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Editorial
March 23, 2020

JAMA Pediatrics—The Year in Review, 2019

Author Affiliations
  • 1Seattle Children’s Research Institute, Center for Child Health, Behavior, and Development, Seattle, Washington
  • 2Editor, JAMA Pediatrics
JAMA Pediatr. 2020;174(5):415-416. doi:10.1001/jamapediatrics.2020.0412

This has been another extraordinary year for JAMA Pediatrics. We continue to pursue our mission to vet and disseminate the best science and perspectives related to child health. By the numbers presented in the Table,1-3 2019 was another extraordinary year for the journal. We received 2736 manuscripts, and our acceptance rate for research articles was 8%. Our impact factor inched up again to 12.0 and remains the highest of any pediatric journal in the world.

Table.  JAMA Pediatrics Statistics for 2019
JAMA Pediatrics Statistics for 2019

JAMA Pediatrics serves 2 sets of customers: readers and authors. For our authors, we aim to provide quick and thoughtful review of manuscripts. In most cases, this means manuscripts are only reviewed internally and not sent out for review. We make these decisions when we are confident that for a variety of reasons, the manuscript is not appropriate for our journal. For articles we do send out for peer review, the median turnaround time is 14 days. For our readers, we aim to bring science to the fore as quickly as possible. Our median acceptance to publication time is 102 days. But in the 21st century, science is disseminated in many other ways; we have a social media presence on Twitter and Facebook that continues to grow, millions of downloaded articles, and monthly podcasts4 that are of ever-increasing popularity. Finally, a relatively new measure of article impact is the Altmetric score, which uses a proprietary algorithm to quantify the quality and amount of attention an article receives from traditional and social media around the world. Our top 3 articles1-3 by Altmetric score from the past year are presented in the Table. Notably, the article with the highest Almetric score rekindled an old controversy related to the neurotoxic effects of fluoride. As noted in my Editor’s Note,5 publishing it was a deliberative decision. The ensuing media attention was not lost on policy makers or researchers, and I am hopeful that well-designed subsequent follow-up studies will further elucidate whether there is a true causal relationship here.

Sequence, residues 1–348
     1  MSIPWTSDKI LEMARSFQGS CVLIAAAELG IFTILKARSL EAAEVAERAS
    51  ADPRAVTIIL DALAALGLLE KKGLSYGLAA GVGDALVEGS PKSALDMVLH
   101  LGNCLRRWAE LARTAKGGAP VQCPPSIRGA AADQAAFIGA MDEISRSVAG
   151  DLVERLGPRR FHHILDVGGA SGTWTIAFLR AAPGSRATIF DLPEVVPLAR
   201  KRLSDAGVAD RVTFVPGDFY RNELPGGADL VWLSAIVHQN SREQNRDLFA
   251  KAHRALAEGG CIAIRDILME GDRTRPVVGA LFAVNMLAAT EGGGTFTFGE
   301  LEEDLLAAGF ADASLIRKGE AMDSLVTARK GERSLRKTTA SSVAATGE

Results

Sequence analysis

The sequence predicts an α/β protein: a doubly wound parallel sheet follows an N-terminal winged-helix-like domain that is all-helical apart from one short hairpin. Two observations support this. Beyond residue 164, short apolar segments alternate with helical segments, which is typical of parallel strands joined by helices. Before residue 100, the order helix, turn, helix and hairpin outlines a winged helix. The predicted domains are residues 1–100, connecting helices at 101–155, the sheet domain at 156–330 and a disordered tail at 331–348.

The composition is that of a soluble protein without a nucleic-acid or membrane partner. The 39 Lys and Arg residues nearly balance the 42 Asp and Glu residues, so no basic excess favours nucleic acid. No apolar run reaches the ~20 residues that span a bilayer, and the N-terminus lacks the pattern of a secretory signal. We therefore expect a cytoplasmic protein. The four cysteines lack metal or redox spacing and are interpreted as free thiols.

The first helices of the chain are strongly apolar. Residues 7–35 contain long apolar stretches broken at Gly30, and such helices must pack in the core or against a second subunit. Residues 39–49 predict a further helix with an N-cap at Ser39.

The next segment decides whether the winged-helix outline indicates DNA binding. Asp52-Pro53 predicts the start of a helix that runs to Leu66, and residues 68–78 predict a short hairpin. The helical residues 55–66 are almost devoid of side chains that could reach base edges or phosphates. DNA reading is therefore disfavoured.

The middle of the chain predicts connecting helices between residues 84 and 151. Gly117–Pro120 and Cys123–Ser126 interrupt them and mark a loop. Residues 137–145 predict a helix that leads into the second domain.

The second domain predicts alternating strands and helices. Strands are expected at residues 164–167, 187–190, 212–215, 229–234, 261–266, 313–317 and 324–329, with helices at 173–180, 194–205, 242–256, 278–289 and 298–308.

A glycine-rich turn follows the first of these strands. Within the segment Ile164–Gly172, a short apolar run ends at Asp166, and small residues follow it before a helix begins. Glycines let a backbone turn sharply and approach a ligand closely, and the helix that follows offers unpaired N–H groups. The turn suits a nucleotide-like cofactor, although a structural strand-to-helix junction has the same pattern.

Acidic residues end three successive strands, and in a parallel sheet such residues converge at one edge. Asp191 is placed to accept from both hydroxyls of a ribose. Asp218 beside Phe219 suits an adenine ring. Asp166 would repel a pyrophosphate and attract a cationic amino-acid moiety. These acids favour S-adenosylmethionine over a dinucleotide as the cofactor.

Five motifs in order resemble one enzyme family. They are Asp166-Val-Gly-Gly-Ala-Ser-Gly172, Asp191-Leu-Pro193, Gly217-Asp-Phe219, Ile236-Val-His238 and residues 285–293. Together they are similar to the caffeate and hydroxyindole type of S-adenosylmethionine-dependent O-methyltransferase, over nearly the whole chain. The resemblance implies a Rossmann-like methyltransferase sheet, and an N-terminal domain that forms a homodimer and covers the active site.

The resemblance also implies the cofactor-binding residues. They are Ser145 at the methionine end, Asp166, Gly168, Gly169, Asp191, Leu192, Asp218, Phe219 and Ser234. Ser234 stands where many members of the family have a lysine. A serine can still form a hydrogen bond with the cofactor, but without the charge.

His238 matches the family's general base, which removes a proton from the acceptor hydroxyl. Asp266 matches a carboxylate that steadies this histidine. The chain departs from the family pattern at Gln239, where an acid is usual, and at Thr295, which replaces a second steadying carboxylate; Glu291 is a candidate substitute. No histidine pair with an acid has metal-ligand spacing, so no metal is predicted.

JAMA Pediatrics benefits immensely from being part of the JAMA Network. Submitted manuscripts can flow seamlessly from one journal to another where they might be a better fit. Published articles are frequently cross-linked with editorials or related content in other JAMA Network journals.

Our success is the result of the efforts of many, starting with the authors who entrust us with their work. We are honored to have it, and although we can only accept 8% of the research submissions we receive, we give each one careful and thoughtful consideration. Next, we have our editorial team of Julie Vo (who just joined our team) and Jennifer Matte, who process manuscripts, field emails and phone calls, and shepherd the entire process of getting things through the system. Next comes our crack editorial team, including Ron Keren, MD, MPH, as the journal’s Deputy Editor and a fantastic team of Associate Editors and Section Editors, including Aaron Carroll, MD, Alison Galbraith, MD, MPH, Megan Moreno, MD, MSEd, MPH, Deborah Palazzi, MD, MEd, and John Co, MD, MPH. Benjamin French, MD, provides crucial biostatistical review of all manuscripts prior to their acceptance. But most important, we rely on the thousands of outstanding peer reviewers,6 who selflessly donate their time and expertise. I give you my most heartfelt appreciation.

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Article Information

Corresponding Author: Dimitri A. Christakis, MD, MPH, Seattle Children’s Research Institute, Center for Child Health, Behavior, and Development, 2001 Eighth Ave, Ste 400, Seattle, WA 98121 (dimitri.christakis@seattlechildrens.org).

Published Online: March 23, 2020. doi:10.1001/jamapediatrics.2020.0412

Conflict of Interest Disclosures: None reported.

References
1.
Green  R, Lanphear  B, Hornung  R,  et al.  Association between maternal fluoride exposure during pregnancy and IQ scores in offspring in Canada.   JAMA Pediatr. 2019;173(10):940-948. doi:10.1001/jamapediatrics.2019.1729PubMedGoogle ScholarCrossref
2.
Boers  E, Afzali  MH, Newton  N, Conrod  P.  Association of screen time and depression in adolescence.   JAMA Pediatr. 2019;173(9):853-859. doi:10.1001/jamapediatrics.2019.1759PubMedGoogle ScholarCrossref
3.
Madigan  S, Browne  D, Racine  N, Mori  C, Tough  S.  Association between screen time and children’s performance on a developmental screening test.   JAMA Pediatr. 2019;173(3):244-250. doi:10.1001/jamapediatrics.2018.5056PubMedGoogle ScholarCrossref
4.
JAMA Network. JAMA Pediatrics author interviews. Accessed February 12, 2020. https://jamanetwork.com/journals/jamapediatrics/pages/jama-pediatrics-author-interviews
5.
Christakis  DA.  Decision to publish study on maternal fluoride exposure during pregnancy.   JAMA Pediatr. 2019;173(10):948. doi:10.1001/jamapediatrics.2019.3120PubMedGoogle ScholarCrossref
6.
 JAMA Pediatrics peer reviewers in 2019.   JAMA Pediatr. Published online March 23, 2020. doi:10.1001/jamapediatrics.2020.0200Google Scholar
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